India is saving interests of its farmers and not those of its poor consumers. The casualty is a global trade deal
India has stunned the world by reneging on the commitment it made in Bali just eight months ago. Bali negotiations in November 2013 ended by allowing India to stockpile for the purpose of supplying its public distribution system (PDS) for another four years. The expectation across the world was that since the main stumbling block was removed, 31 July would see the signing of the Trade Facilitation Agreement (TFA). Except for Cuba, Bolivia and Venezuela, India received support from no other country. This is ominous. Though the extent of potential gains from TFA is a matter of some dispute, there is no question that both developed and developing countries wanted to sign it as they saw major gains through it. India too would have gained from the facilitation and expansion of trade. Yet, being able to stockpile foodgrains for a period beyond four years seems so important to this government that it is prepared to invite the wrath of the entire world. We know that the new regime in India is looking for multinational investment and export markets to spur growth. What then explains this quixotic behaviour?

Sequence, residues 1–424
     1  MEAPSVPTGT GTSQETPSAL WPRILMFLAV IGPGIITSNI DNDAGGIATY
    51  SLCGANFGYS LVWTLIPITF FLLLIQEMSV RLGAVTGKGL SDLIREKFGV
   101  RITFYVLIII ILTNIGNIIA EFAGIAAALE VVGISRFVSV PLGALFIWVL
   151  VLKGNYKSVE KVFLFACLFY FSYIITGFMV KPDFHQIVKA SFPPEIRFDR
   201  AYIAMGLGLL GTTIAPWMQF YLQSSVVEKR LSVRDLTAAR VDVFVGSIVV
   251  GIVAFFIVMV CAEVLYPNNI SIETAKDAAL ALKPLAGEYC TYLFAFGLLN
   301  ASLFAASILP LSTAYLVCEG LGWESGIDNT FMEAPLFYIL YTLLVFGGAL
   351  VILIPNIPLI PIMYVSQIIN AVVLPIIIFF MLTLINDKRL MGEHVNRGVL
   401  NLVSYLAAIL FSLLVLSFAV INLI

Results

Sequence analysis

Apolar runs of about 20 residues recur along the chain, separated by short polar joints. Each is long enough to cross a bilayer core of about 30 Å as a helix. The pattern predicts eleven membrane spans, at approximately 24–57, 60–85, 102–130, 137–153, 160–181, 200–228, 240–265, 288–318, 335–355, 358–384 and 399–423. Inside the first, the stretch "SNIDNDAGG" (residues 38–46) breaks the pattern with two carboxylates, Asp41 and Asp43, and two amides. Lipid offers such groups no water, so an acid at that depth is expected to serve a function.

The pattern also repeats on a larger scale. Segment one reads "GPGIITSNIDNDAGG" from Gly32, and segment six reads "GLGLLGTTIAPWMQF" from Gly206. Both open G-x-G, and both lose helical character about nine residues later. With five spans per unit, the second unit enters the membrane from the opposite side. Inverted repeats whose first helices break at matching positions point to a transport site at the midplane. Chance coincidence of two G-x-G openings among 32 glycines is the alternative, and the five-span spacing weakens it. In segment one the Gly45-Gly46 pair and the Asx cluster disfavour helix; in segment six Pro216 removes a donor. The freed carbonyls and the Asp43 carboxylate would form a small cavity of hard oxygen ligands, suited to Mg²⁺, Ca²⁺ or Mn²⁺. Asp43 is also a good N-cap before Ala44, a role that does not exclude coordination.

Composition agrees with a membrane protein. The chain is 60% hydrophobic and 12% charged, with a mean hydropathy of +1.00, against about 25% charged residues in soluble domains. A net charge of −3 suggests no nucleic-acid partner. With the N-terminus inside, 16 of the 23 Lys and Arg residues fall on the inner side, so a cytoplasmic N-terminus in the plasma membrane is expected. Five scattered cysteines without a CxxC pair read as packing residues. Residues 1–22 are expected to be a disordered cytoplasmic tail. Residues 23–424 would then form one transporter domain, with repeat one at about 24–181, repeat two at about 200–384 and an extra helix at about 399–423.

Recommended For You
Select your Category
Internet Not Available
Wait for it…
Log in to our website to save your bookmarks. It'll just take a moment.